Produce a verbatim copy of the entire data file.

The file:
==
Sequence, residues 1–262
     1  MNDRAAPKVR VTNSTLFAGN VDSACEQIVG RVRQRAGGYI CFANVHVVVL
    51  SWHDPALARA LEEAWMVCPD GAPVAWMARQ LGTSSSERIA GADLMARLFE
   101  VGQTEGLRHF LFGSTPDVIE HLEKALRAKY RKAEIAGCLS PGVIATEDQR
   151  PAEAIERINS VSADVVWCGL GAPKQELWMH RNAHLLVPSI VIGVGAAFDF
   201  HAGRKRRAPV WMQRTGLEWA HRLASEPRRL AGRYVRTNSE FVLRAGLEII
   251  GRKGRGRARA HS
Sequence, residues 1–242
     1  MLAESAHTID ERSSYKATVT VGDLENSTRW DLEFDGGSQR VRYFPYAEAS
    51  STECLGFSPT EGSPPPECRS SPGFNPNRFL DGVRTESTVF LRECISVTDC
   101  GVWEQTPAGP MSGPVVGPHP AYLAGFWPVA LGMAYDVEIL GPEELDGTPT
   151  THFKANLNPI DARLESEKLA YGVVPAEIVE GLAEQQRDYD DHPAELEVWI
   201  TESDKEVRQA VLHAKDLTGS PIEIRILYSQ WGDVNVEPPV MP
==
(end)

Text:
Sequence, residues 1–262
     1  MNDRAAPKVR VTNSTLFAGN VDSACEQIVG RVRQRAGGYI CFANVHVVVL
    51  SWHDPALARA LEEAWMVCPD GAPVAWMARQ LGTSSSERIA GADLMARLFE
   101  VGQTEGLRHF LFGSTPDVIE HLEKALRAKY RKAEIAGCLS PGVIATEDQR
   151  PAEAIERINS VSADVVWCGL GAPKQELWMH RNAHLLVPSI VIGVGAAFDF
   201  HAGRKRRAPV WMQRTGLEWA HRLASEPRRL AGRYVRTNSE FVLRAGLEII
   251  GRKGRGRARA HS
Sequence, residues 1–242
     1  MLAESAHTID ERSSYKATVT VGDLENSTRW DLEFDGGSQR VRYFPYAEAS
    51  STECLGFSPT EGSPPPECRS SPGFNPNRFL DGVRTESTVF LRECISVTDC
   101  GVWEQTPAGP MSGPVVGPHP AYLAGFWPVA LGMAYDVEIL GPEELDGTPT
   151  THFKANLNPI DARLESEKLA YGVVPAEIVE GLAEQQRDYD DHPAELEVWI
   201  TESDKEVRQA VLHAKDLTGS PIEIRILYSQ WGDVNVEPPV MP